I run a Ukelele camp through my church. I have never been a big fan of the Ukelele, usually finding it too twee and trendy and thin to be an actual instrument. On Denis Leary’s Sex, Drugs and Rock n Roll they referred to it as “a motherfucking Game Of Thrones midget guitar” which I actually find apt. However, our previous pastor, Rachel Manke, was a big Ukelele player and she got this camp started to reach out into the community and when she left, I took it over. I have gotten to like the instrument. I have made a couple cigar box ukes that I use. I find it a very convenient instrument to play. You can play it in an Adirondack chair because it is small and the arms don’t get in the way. So, being able to sit back with a bourbon and a cigar and noodle a bit is always a good thing. I’m even starting to use it on the Noyes and the Boyes project a little. It focuses your playing because you’ve only got an octave to work with. I’ve learned a few jazz pieces: Wave, Night in Tunisia, Epistrophy.
It is a particularly good instrument for kids, being small and all. So we started this camp for 8-11 year olds. We have it one week in the summer and then every other Wednesday throughout the year. We learn a lot of kids’ folk songs and then try to throw in a pop song or two.
Malden, being the most diverse city in Massachusetts, gives us a wide variety of countries of origin for our campers. They come from Brazil, Haiti, Ethiopia, Vietnam, Pakistan, to name a few. This wonderful quilt of culture informs what we play and how we relate to the community. We have all kinds of abilities in the group but in my mind, the most important thing is to have fun. I believe kids are too over-programmed today and I feel guilty contributing to that. I try to give them some freedom and I try to engage them in making choices about the direction of the repertoire.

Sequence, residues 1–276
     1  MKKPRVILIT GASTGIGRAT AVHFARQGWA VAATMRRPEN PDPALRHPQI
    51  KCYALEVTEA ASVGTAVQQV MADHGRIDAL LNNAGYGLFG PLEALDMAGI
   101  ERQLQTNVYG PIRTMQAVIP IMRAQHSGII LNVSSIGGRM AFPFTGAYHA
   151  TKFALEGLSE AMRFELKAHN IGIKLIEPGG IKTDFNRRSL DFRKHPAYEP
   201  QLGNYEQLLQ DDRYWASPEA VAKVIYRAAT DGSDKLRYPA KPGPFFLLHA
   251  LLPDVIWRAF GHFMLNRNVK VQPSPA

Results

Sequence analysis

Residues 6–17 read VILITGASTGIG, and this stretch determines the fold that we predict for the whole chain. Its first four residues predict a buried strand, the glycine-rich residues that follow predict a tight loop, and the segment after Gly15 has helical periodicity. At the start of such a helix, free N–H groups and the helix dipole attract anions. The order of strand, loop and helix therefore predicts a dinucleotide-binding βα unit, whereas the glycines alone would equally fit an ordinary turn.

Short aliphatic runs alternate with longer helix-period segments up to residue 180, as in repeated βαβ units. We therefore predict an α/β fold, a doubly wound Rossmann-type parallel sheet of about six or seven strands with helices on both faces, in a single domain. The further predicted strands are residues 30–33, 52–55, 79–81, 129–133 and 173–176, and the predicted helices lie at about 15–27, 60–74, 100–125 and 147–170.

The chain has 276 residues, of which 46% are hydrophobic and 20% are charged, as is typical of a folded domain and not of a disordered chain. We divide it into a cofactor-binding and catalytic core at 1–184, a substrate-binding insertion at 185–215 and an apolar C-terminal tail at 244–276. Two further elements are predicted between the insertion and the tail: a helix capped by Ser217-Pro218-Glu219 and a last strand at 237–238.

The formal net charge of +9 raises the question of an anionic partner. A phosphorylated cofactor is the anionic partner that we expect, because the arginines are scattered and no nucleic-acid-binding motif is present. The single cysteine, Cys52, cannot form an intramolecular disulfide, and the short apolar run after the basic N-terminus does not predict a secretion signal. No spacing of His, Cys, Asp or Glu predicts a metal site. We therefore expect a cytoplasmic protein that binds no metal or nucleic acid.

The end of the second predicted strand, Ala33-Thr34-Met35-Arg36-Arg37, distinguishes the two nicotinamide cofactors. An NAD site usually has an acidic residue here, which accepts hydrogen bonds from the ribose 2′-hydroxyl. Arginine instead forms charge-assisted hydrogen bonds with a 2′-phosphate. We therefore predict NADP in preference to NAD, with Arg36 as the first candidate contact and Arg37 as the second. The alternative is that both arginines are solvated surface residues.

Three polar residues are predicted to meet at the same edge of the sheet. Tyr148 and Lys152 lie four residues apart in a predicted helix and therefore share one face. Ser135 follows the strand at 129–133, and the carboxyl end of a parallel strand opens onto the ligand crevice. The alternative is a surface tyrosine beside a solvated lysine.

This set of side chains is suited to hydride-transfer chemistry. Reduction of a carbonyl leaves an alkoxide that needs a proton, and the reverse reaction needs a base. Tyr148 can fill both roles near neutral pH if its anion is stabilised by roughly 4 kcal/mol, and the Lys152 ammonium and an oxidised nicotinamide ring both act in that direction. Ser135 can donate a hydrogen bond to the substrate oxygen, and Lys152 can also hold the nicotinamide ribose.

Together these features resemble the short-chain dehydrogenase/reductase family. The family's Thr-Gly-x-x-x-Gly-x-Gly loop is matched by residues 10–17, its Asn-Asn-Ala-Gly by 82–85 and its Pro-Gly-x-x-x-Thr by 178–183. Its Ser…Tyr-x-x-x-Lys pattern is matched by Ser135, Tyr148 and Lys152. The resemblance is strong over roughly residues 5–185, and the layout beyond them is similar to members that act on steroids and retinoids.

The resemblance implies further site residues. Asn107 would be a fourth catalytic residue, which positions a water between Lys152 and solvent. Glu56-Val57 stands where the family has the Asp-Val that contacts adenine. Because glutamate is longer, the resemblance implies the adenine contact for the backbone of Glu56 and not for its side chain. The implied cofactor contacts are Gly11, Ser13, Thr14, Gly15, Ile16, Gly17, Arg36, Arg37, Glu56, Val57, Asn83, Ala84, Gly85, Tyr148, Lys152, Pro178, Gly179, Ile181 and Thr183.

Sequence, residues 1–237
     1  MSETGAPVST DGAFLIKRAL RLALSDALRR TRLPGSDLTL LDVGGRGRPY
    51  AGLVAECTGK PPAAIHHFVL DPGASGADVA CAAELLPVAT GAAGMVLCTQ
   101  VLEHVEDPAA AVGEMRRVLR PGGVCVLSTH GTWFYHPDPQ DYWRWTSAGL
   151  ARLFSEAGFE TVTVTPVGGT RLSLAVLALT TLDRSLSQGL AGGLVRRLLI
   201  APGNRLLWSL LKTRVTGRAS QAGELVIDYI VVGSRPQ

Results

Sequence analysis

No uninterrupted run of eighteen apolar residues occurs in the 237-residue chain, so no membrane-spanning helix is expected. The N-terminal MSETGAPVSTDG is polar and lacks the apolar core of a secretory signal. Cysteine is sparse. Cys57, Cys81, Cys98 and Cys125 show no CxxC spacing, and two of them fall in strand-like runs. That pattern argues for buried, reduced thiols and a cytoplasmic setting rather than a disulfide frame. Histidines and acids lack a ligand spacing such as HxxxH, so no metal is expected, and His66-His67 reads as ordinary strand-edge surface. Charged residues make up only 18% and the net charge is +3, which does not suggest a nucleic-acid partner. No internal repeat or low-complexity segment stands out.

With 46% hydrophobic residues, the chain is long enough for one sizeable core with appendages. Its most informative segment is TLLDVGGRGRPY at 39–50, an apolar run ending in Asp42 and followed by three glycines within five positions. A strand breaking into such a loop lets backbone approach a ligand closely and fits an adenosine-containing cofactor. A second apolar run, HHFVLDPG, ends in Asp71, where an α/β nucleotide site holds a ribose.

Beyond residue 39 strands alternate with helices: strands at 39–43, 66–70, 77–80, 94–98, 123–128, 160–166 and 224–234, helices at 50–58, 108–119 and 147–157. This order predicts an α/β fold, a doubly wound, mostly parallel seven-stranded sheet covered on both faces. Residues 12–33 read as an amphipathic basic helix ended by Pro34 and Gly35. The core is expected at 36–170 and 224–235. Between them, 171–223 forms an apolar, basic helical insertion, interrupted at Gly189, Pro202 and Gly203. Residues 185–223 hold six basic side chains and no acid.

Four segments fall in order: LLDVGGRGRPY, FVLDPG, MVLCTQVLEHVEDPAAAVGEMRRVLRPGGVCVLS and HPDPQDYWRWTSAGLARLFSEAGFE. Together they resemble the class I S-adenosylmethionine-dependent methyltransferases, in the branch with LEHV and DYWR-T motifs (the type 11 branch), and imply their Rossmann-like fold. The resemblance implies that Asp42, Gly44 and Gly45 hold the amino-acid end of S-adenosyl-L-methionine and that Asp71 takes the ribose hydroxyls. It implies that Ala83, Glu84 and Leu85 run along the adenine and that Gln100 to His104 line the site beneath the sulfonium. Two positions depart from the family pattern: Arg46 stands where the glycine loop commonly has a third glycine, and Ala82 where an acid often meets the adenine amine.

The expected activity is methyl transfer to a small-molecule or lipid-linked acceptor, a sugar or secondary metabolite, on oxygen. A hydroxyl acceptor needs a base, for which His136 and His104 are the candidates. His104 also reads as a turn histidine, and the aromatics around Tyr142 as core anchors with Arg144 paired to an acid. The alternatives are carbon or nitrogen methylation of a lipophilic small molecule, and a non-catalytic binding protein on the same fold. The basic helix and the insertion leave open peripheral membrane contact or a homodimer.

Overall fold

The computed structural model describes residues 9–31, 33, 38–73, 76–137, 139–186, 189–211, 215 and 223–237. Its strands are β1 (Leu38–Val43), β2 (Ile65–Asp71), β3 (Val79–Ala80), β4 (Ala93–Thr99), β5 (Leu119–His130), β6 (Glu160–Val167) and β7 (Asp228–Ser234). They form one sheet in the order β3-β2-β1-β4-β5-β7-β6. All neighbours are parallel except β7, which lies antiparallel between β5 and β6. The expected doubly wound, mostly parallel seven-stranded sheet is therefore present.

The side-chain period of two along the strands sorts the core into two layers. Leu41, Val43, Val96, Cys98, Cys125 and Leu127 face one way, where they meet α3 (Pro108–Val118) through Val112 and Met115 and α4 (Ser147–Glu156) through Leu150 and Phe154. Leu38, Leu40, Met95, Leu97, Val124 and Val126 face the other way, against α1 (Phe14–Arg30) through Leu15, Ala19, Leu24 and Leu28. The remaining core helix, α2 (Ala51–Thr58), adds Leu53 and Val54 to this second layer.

We had our fall semester concert this past weekend and I thought it was a great success. Thanks to Janet Lundstrom, my fearless sidekick, we had a good turnout and sounded terrific. We started out with the Henry Triplets doing a couple of numbers and helping me out on a Christmas blues tune I wrote, Peace On Earth Blues.
I then did a solo version of my tune, My Grandfather’s Chair. Then the adult ukes came up and did a couple of Christmas carols. The adults meet after the kids and we always do a couple of numbers at the concerts. It has been fun and has gotten people into music who would not have otherwise done so.
Then the kids did their pieces, including “I Don’t Know My Name” by Grace VanderWaal. She is a 12 year old kid who did this Ukelele song on America’s Got Talent and won it. The kids nailed it. They also nailed Lime In The Coconut which for some reason they hate doing but Janet and I love. So they humor us.
We ended the night with Simple Gifts and This Land is Your Land. We have done this Woody Guthrie song since the beginning and I feel it really speaks to the melting pot that is the United States. I like to believe that thss is bigger than the hate that is so trendy now, what with the orange one coming to the White House.
The next day we played at the Festival of Carols at the Malden Baptist church. We did Joy To The World along with the adults and they l0oved us. I am so honored to be able to bring this music to everyone.
Video by Shanan Edwards